Combo Breaker - 1982 Stratagraph Chevrolet Camaro IMSA GTO
Shortly after the horrors of the 1973 Arab Oil Embargo, the global racing scene was in dire circumstances. Throughout the Western world the recession that followed shifted the public’s focus towards saving as much money as was humanly possible. This meant the average customer was no longer looking for the biggest, fastest, most powerful and most stylish vehicle he could afford. Instead the talk of the day was fuel efficiency and low cost motoring.
Naturally this caused a big shock for manufacturers that relied heavily on these formerly attractive attributes. As the public coldly turned its back on performance and the world’s economies crumbled, fewer and fewer people were willing and able to attend races. This resulted in numerous factory motorsport programs intended to promote the brand being cancelled, leaving grids empty as well. The dramatic series of events lead to the Automobile Club d’Oest, organizers of the legendary 24 Hours of Le Mans, to take a new direction. In an effort to regain the interest of the public they invited four American entries to fill out and spice up the grid for the 1976 race. The foursome included two IMSA GT machines and to everyone’s surprise, two brutish NASCAR's.
Inviting the thunderous American machines over proved to be a masterstroke for the ACO, despite the NASCAR’s experiencing embarrassing engine blowups due to dismally poor quality French fuel. The arrival of Les Deux Monstres had been a resounding success in terms of publicity, and attendance figures surged.
After this spontaneous marketing gimmick, the IMSA GTO/GTX class gained something of a foothold at Le Mans. In 1979 another oil crisis struck the world due to the Iranian Revolution, and the world of racing was recovering once more. Because of this grids were still lacking entrants, and IMSA kept it’s relevance, even reaching highs of as much as fifteen cars. However, the class usually served to enter American versions of familiar European sportscars like the Porsche 911, Ferrari 512BBi and BMW M1. Very rarely a piece of full burger Detroit iron dared to make the trip across the big pond.
For 1982 this the status quo would be shaken up substantially. Back in Louisiana, an oil services company and race team called Stratagraph Incorporated was preparing a set of pony-car sized bombs to be dropped on the French countryside. The company was headed by NASCAR team owner/driver Billy Hagan. Besides racing titanic stock cars, Hagan also enjoyed his fair share of road course action.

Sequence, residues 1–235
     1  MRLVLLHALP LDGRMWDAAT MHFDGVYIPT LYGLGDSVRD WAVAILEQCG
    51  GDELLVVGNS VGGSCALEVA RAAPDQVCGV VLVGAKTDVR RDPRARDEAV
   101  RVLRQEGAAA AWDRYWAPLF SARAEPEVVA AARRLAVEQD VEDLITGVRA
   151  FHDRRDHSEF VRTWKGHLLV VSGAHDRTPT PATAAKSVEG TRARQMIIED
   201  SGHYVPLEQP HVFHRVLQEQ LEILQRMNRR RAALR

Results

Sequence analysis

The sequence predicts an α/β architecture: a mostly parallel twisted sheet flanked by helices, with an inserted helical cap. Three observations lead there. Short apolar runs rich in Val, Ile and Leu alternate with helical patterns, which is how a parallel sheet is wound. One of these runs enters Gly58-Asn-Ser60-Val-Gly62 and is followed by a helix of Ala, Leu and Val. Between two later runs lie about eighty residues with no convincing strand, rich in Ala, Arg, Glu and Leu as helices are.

To this end he had commissioned an IMSA GTO-machine based on a 1979 Chevrolet Camaro from veteran builder Carl Frings. Not content on only roaming the domestic tracks, he decided to enter the car into the 1981 24 Hours of Le Mans. Hagan was supported by IMSA racer Bill Cooper (USA) and NASCAR legend Cale Yarborough (USA). Sadly their adventure only lasted 13 laps, as the car’s brakes failed with Yarborough at the wheel.
Bill Hagan wasn’t a quitter however, and he pressed on to enter two cars for 1982. The ‘79 Camaro was rebuilt and reused with a new radical aerodynamics package. Joining it was the latest installment of Chevrolet’s most successful coupe, a brand spanking new 1982 third generation Camaro.
Contrary to its wild bewinged predecessor, the new car presented a much more subdued stock appearance. It was instantly recognizable as a new Camaro, with its biggest modifications being a front air-dam and a rather tasteful duck-tail spoiler. In truth the once again Carl Frings-built pony had little in common with the standard car, featuring a bespoke tube frame chassis in the vein of NASCAR. Along with its unusual body shape, blaring full length sidepipes exiting in front of 20 inch wide rear wheels made sure the Camaro stood out from the crowd.
Within these tubes a quintessentially American drivetrain had set up shop. Powering the car was the ubiquitous small-block Chevy V8, displacing the correct 5.7 liters (358 c.i.). In spite of its no-nonsense warm apple-pie origins, the puritanical powerplant incorporated an advanced dry-sump oiling system to prevent oil starvation during fast cornering. It produced a hefty 580 horsepower through a classic Borg Warner T10 4-speed manual transmission which was connected to a blasphemous Ford 9-inch rear axle.
Unlike the clumsy 1976 NASCAR entries, the Camaro was made to feel at home at both the twisty and brake-y bits of a racetrack as well. The suspension and chassis design had taken this into account, and large four wheel disc brakes on all four corners ensured the blunders of 1976 would not be repeated. Another uncharacteristic feature was found with the use of some scales. Despite it’s rather massive appearance, the big V8 brute only weighed 1020 kg (2250 lbs).
The Camaro’s appearance at Circuit de La Sarthe caused a massive amount of media buzz, just as intended by Billy Hagan. Bellowing out of its gigantic sidepipes and sitting on massively wide tires, the car looked like serious business. So serious in fact it managed to get the European establishment to break a minuscule controlled sweat.